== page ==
Karin Bodewits has a PhD in Biology from the University of Edinburgh. In 2012, she co-founded the company NaturalScience.Careers. She published her first book, a career guide for female natural scientists, in 2015, and just won the Science Slam in Munich. She writes short stories, career columns and opinion pieces for magazines like Chemistry World and Naturejobs.
Full disclosure: I didn’t get paid for this post, but I did get a free copy of the book. I do have a fledgling Amazon affiliate account, which means that if you buy the book after clicking on a link here, I get 3 cents or something.
In recent weeks, I have been slowing down a little in an attempt to find some of that ever-elusive ‘work-life balance’. Amongst other fledgling self-care efforts, I have started exercising again (following an unintentional but extensive hiatus) and reading more. Now, I am adding colouring to my list of relaxing activities, and here’s why.
A few months ago, I was contacted by University of Chicago Press asking if I’d be willing to take a look at a new book, Doodling for Academics by Julie Schumacher. This sounded like a lot of fun and the book is awesome, so I was happy to provide a blurb:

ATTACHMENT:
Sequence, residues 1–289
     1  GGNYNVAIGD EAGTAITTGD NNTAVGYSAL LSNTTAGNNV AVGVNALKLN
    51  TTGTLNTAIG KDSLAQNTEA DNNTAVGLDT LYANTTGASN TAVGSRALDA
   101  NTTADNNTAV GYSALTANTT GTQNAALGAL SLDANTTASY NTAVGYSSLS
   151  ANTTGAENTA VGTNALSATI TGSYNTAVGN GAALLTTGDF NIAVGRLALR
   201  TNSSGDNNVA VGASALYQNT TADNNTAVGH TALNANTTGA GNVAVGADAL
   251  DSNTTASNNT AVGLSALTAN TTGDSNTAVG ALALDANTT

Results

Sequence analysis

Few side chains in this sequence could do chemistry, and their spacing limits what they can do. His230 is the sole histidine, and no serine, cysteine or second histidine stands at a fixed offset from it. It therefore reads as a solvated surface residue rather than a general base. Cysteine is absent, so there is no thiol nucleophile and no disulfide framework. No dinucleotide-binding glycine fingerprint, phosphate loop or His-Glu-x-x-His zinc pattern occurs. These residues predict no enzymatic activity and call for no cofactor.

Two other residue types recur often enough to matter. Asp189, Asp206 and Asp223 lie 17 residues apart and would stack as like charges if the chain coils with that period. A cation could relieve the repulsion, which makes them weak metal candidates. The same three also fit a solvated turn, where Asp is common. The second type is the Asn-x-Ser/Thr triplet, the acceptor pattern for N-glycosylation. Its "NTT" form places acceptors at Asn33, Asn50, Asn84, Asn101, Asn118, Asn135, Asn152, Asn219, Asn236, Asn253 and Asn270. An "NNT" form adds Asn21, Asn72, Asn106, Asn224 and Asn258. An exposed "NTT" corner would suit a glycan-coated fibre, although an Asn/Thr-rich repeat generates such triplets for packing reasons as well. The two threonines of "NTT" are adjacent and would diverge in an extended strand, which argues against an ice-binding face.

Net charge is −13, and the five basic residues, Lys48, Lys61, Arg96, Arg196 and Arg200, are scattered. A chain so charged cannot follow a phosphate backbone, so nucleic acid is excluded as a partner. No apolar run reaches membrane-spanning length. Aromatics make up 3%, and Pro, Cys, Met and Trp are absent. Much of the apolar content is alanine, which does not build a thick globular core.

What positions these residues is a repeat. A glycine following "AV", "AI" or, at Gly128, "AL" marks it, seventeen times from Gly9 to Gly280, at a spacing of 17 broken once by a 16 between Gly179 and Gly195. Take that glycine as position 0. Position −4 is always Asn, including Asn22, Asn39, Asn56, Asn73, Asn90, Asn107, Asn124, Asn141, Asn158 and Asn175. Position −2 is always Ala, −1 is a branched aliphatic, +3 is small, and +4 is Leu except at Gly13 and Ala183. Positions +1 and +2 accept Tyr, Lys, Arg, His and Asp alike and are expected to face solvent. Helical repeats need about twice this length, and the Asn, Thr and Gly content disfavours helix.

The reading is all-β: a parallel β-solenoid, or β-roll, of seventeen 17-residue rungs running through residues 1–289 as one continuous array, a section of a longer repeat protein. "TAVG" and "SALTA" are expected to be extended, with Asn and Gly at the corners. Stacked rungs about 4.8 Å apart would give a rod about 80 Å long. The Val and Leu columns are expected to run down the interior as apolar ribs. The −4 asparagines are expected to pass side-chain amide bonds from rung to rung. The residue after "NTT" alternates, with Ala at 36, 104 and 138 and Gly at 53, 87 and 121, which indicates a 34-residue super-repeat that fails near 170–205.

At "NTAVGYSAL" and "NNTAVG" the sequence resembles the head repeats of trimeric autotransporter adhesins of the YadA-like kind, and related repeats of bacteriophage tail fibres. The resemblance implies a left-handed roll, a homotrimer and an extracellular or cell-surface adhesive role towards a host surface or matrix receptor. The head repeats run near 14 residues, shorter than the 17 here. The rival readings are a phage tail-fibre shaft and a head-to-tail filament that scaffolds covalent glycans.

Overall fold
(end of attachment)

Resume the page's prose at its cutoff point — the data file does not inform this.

The wonderfully weird illustrations in Doodling for Academics brilliantly capture the bizarre highs, and arcane lows, of academic life. Full of fun activities to pass the time at staff meetings, this book will be a quirky addition to any academic office.
In Julie’s own words:
The original idea for Doodling for Academics came from University of Chicago Press editor Christie Henry. When she proposed it to me, my first instinct was to dismiss it, but then I found myself laughing while day-dreaming through a few possible images. I had never collaborated on a writing project before, so the matching of concept, illustration, title and caption for the forty different panels was initially overwhelming. Illustrator Lauren Nassef and I exchanged hundreds of emails and drafts, and had several very long conference calls, but never met until after the book was finished.
As soon as copies became available, my department chair held a coloring party. We stuck our finished artwork on the staff fridge when we were done.
I loved the book so much I asked the publisher if I could post a few free pages for fellow academic doodlers to print out and colour in. Three free doodles are provided below, and you can click here to get your hands on the full book, which contains 40 of these wonderfully silly and snarky illustrations.)